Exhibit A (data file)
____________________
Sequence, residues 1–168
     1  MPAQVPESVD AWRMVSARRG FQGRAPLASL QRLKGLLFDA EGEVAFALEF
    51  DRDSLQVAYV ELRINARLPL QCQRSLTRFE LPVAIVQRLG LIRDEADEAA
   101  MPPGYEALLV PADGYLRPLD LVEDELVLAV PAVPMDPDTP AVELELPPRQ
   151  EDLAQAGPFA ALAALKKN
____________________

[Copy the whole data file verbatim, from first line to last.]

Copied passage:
Sequence, residues 1–168
     1  MPAQVPESVD AWRMVSARRG FQGRAPLASL QRLKGLLFDA EGEVAFALEF
    51  DRDSLQVAYV ELRINARLPL QCQRSLTRFE LPVAIVQRLG LIRDEADEAA
   101  MPPGYEALLV PADGYLRPLD LVEDELVLAV PAVPMDPDTP AVELELPPRQ
   151  EDLAQAGPFA ALAALKKN